PositiveThe New RepublicGleick’s narrative rarely proceeds chronologically, opting instead to bounce from topic to topic, back and forth along multiple axes, guided in many ways by the twin lights of H. G. Wells and Albert Einstein ... Time Travel remind[s] [us] of the way that one of literature’s great powers is to remind us that this might be the best of all possible worlds, and that we are here because we could be nowhere else.
Guilty Thing: A Life of Thomas De QuinceyFrances Wilson
PositiveThe New RepublicGuilty Thing captures that propulsion that drives De Quincey’s greatest writings ... But that’s not to say that Guilty Thing doesn’t also ably cover De Quincey’s life; nor does it lack the small nuggets of joy one expects from a good biography...But mostly Wilson’s book seeks to capture the rush and urgency of a life lived in extremis ... Yoking De Quincey’s life to Wordsworth’s Prelude has its weaknesses.
Haunted: On Ghosts, Witches, Vampires, Zombies, and Other Monsters of the Natural and Supernatural WorldsLeo Braudy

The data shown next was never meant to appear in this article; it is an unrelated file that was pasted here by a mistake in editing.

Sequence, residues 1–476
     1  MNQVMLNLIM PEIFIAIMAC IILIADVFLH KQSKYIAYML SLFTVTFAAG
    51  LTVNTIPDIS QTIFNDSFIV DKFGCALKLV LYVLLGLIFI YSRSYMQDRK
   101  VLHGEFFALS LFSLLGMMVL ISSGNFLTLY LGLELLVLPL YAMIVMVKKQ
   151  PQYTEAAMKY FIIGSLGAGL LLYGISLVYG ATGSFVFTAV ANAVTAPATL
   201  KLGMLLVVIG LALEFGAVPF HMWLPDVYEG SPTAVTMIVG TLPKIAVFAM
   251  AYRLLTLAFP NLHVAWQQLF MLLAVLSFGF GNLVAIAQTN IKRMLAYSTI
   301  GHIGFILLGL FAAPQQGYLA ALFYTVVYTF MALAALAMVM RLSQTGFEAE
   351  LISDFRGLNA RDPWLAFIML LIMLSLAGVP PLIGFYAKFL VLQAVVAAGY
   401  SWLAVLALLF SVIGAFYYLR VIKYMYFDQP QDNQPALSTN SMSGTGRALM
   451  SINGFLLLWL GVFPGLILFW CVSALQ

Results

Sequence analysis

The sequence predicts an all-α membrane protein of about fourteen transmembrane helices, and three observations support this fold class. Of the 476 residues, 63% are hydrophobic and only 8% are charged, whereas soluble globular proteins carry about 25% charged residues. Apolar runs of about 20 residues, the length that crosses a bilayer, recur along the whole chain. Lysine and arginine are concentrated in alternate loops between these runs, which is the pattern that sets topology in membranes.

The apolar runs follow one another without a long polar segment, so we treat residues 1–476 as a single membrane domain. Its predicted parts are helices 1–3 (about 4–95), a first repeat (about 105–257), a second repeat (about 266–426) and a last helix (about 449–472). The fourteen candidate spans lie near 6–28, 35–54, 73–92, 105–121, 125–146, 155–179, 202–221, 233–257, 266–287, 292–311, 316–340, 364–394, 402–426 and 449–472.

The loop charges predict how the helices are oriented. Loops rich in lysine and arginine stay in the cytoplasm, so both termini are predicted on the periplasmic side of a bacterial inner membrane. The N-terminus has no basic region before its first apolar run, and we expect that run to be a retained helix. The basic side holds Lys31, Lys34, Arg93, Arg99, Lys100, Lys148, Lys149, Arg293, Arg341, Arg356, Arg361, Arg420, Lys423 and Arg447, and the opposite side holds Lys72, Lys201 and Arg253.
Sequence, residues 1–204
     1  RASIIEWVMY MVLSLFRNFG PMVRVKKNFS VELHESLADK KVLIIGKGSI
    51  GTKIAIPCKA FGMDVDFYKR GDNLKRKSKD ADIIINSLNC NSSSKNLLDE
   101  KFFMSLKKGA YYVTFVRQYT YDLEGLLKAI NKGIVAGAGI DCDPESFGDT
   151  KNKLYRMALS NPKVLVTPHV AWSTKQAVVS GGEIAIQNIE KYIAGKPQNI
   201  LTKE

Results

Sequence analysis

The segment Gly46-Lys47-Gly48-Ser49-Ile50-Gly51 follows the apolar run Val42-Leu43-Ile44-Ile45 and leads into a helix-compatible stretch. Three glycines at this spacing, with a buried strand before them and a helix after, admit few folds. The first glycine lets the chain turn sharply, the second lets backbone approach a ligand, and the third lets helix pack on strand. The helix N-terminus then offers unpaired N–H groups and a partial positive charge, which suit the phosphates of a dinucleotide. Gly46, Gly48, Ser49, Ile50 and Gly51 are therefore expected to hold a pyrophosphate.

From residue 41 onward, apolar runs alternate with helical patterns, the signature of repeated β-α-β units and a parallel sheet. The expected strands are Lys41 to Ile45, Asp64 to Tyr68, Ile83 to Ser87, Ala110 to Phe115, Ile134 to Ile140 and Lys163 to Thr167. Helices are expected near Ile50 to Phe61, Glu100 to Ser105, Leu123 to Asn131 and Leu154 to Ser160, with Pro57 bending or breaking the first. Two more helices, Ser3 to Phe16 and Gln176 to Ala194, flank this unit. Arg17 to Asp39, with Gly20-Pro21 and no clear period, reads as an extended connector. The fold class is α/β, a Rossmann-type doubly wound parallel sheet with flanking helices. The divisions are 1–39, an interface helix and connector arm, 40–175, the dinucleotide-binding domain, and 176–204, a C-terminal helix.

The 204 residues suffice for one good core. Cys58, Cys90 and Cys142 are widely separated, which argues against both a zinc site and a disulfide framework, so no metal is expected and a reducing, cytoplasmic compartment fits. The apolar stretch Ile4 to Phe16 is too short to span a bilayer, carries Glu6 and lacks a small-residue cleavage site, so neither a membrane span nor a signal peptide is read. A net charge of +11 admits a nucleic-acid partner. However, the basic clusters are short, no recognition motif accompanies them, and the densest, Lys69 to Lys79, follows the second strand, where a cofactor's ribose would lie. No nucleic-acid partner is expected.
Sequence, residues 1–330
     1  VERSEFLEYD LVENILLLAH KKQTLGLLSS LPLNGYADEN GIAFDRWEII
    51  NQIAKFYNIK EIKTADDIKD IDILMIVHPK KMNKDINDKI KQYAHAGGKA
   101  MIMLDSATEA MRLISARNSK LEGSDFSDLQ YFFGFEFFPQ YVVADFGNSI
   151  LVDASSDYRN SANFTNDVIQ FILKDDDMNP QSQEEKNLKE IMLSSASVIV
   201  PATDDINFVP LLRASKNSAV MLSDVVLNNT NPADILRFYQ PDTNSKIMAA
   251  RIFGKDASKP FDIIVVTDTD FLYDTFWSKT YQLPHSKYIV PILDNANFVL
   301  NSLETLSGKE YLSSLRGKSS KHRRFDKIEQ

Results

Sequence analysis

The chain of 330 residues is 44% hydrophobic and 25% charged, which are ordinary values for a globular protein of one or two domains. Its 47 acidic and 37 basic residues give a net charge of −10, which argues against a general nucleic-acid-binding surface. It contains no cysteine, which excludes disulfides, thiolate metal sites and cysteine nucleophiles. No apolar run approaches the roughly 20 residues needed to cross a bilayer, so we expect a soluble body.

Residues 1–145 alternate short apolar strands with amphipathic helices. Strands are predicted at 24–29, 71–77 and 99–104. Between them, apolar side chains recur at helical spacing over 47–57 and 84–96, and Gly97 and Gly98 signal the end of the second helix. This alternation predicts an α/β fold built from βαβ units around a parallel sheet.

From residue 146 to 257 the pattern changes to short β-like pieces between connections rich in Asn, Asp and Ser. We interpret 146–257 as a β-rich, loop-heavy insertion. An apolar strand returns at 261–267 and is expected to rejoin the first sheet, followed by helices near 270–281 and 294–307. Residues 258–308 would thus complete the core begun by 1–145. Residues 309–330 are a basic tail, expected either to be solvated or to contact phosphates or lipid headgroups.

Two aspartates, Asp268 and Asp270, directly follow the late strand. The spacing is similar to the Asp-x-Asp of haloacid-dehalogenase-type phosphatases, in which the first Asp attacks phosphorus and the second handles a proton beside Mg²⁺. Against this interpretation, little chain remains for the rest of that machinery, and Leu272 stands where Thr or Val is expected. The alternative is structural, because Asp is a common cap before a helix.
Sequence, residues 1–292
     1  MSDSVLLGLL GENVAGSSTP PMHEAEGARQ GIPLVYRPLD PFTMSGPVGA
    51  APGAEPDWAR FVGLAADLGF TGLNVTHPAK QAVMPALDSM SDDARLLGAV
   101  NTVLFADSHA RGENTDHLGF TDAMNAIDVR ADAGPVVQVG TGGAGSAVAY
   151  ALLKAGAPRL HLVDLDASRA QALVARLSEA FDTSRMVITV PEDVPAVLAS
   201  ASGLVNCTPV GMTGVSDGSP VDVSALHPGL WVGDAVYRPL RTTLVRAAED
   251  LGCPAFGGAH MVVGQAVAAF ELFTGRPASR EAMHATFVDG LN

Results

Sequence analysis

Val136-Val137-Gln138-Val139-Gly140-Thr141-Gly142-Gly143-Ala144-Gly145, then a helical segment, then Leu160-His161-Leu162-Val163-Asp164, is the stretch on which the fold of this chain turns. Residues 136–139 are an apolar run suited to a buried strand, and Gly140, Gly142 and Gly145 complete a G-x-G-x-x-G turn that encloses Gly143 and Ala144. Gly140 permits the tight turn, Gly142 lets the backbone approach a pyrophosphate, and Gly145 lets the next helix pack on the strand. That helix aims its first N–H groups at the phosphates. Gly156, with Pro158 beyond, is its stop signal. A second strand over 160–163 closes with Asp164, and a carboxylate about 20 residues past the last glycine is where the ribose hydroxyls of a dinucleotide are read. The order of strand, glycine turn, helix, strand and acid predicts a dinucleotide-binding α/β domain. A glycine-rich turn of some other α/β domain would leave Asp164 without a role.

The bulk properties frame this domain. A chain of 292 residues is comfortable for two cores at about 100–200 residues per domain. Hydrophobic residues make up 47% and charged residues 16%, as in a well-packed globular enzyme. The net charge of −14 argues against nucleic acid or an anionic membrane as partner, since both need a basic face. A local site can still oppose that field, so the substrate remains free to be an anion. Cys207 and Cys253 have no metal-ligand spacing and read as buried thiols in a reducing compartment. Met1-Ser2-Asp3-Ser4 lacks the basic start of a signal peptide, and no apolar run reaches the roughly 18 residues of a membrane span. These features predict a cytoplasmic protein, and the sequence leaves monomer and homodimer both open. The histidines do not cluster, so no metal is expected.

MixedThe Los Angeles Review of Books...while this digression into the world of the detective doesn’t fit with the book’s other chapters per se, it does set up Braudy to move into his next archetype: the doppelgänger, the monster who is by definition Janus-faced. The doppelgänger is both monster and detective together in the same body ... At some point, inevitably, these beasts begin to blur and the distinctions strain, given Braudy’s ability to marshal so many different examples and draw so many conclusions from each. If anything, one wants more of Haunted...Each of Braudy’s monsters is fascinating in its own right, and each might have warranted its own book, or at least a longer section in this one. But what we do have is filled with various nuggets of insight that reflect Braudy’s acumen with close readings.
Melancholy Accidents: Three Centuries of Stray Bullets and Bad LuckPeter Manseau
RaveThe New RepublicA depressing litany, to be sure, though often unexpectedly poignant ... The term of art in Manseau’s book is the 'melancholy of its title: These reports, taken together, are not just a history of firearm accidents but also an archive of melancholy itself. For in the absence of a morality play with guilty parties, or an affirmation of a divine plan that may someday be known to us, what is left?
South and West: From a NotebookJoan Didion